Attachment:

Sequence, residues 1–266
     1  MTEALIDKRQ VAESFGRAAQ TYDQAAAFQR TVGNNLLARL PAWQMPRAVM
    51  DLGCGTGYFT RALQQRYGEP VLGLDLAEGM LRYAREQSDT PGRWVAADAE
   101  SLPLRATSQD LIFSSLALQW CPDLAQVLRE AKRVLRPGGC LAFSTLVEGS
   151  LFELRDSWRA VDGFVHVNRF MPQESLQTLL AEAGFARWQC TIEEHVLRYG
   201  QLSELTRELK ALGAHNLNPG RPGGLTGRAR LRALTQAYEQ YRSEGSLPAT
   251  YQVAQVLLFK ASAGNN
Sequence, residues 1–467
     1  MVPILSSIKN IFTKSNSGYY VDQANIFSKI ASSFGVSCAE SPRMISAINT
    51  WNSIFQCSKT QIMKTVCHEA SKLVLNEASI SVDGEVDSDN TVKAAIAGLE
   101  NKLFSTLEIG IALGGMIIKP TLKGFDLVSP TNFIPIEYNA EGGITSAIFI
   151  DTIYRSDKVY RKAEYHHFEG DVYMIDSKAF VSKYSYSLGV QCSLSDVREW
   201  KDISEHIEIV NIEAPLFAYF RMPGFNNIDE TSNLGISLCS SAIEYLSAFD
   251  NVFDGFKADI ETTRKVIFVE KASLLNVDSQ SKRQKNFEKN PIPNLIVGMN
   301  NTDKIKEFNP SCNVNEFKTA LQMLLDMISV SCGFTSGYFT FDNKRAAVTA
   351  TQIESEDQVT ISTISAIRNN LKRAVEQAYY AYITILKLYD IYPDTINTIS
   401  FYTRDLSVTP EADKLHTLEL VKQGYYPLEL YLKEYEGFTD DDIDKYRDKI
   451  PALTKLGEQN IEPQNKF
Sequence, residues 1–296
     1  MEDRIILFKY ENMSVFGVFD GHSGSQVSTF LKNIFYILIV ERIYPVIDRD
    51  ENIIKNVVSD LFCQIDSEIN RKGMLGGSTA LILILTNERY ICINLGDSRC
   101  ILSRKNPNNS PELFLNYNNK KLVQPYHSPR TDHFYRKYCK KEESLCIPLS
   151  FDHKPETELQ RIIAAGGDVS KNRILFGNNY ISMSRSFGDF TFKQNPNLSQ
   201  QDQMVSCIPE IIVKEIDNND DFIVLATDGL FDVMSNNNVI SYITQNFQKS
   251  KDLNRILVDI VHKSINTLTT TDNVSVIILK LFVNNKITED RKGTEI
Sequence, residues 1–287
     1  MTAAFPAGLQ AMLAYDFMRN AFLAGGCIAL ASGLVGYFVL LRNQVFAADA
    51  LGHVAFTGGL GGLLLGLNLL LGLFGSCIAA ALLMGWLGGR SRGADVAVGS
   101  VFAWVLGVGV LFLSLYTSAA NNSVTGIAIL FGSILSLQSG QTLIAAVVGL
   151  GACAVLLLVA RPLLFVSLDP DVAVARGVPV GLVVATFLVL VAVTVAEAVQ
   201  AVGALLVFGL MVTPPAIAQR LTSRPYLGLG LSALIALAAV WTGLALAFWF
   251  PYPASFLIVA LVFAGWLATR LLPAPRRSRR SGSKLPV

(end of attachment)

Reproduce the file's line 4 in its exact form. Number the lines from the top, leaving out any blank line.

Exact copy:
   101  SLPLRATSQD LIFSSLALQW CPDLAQVLRE AKRVLRPGGC LAFSTLVEGS